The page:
I guess the short version is we’re really early and I don’t think there’s a single tool I can point someone to, to say, like, here’s the way to do all of your evaluation and testing. But there are building blocks in the raw form out there right now to try to work on some of this at least. But it’s hard right now. 

“I think it’s one of the biggest active challenges for people to figure out right now.”

Generative AI on limited resources

Stephen: When you talk about a model evaluating another model, my mind goes straight to teams using monitoring on some of the latest platforms, which have models actively doing the evaluation itself. It’s probably a really good business place to look into for these tools there.

I’m just going to jump right into the next question and I think it’s all about the optimization part of things… 

There’s a reason we call them LLMs, and you spoke of a couple of tools – the most recent one being from Facebook,  LLaMA.  

How are we going to see more generative AI models optimized for resource-constrained developments over time where there are limited resources, but you want to host it on the platform?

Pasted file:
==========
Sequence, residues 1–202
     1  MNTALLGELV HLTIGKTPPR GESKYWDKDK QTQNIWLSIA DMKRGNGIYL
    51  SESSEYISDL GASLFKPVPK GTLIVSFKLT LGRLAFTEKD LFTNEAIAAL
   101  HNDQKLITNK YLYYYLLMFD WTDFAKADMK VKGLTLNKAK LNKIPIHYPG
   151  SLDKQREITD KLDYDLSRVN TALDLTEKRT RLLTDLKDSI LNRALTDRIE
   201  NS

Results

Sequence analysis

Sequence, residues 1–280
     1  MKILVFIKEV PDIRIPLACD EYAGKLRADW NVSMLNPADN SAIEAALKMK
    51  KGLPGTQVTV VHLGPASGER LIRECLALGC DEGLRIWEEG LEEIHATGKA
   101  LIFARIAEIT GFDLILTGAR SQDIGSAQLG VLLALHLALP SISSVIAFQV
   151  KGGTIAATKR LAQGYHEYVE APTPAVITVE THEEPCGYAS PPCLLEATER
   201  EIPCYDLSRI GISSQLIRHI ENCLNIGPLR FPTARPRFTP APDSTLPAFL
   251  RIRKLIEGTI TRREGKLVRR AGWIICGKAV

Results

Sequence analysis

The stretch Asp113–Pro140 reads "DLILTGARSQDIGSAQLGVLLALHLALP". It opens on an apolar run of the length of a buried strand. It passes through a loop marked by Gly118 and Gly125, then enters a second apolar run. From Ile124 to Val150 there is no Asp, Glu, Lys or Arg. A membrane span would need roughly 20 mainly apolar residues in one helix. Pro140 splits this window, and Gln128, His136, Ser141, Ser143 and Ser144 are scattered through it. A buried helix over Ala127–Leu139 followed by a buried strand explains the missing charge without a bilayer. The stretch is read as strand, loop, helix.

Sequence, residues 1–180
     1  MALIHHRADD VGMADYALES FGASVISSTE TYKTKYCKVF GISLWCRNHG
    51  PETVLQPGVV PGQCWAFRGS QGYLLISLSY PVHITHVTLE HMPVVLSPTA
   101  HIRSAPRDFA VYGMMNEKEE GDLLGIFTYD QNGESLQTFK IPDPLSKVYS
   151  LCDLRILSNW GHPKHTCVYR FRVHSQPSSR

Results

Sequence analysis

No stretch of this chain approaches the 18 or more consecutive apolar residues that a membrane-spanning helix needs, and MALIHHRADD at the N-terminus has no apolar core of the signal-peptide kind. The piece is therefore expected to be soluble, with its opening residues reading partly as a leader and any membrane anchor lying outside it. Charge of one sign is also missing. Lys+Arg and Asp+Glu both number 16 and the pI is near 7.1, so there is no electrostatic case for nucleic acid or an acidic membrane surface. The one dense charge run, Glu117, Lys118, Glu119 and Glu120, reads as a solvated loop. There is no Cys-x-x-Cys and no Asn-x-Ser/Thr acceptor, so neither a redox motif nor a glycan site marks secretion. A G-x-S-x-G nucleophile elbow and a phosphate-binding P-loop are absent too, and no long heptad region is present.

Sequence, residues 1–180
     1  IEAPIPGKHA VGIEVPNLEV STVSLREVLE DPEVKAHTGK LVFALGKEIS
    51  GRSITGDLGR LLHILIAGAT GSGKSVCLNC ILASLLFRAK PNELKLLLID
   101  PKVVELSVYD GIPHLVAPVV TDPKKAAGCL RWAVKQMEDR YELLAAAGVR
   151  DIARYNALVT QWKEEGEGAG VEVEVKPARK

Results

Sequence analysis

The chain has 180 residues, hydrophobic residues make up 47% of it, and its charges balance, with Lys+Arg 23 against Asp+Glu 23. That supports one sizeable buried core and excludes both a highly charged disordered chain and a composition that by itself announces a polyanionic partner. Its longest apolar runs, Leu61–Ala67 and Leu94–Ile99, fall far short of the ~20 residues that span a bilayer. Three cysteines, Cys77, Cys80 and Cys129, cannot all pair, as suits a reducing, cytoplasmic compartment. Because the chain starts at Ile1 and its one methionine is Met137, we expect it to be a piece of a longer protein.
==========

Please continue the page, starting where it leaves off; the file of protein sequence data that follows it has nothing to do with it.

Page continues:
David: Yeah, I think this is really important, actually. I think it’s probably one of the more important trends that we’re going to see, and people are working on it still early, but there are a lot of reasons to care about this: 

  1. Cost – It’s very expensive to operate thousands of GPUs to do this.
  2. Latency – If you’re building a product that interacts with a user, every millisecond of latency in loading a page impacts their experience.
  3. Environments that can’t have a GPU – you can’t carry a cluster around in your phone or whatever it is, or wherever you are to do everything. 

I think there’s a lot of development happening in the image generation. There’s been an incredible amount of progress in a few short months on improving the performance. My MacBook can generate images pretty quickly.

Now, language models are bigger and more challenging still – I think there’s a lot more work to be done. But there are a lot of promising techniques that I’ve seen folks use, like using a very large model to generate data, to tune a smaller model to accomplish a task. 

For example, if the biggest model from OpenAI is good at some task but the smallest one isn’t, you can have the biggest one do that task 10,000 times, fine-tune the smallest one to get better, or a smaller one to get better at that task. 

The components are there, but this is another place where I don’t think we have all of the tooling we need yet to solve this problem. It’s also one of the places that I’m the most excited about; how can we make it easier and easier for folks to take the capabilities of these really big impressive models and tune them down into a form factor that makes sense for their cost or latency constraints or environmental constraints?

What industries will benefit from LLMs and how can they integrate it?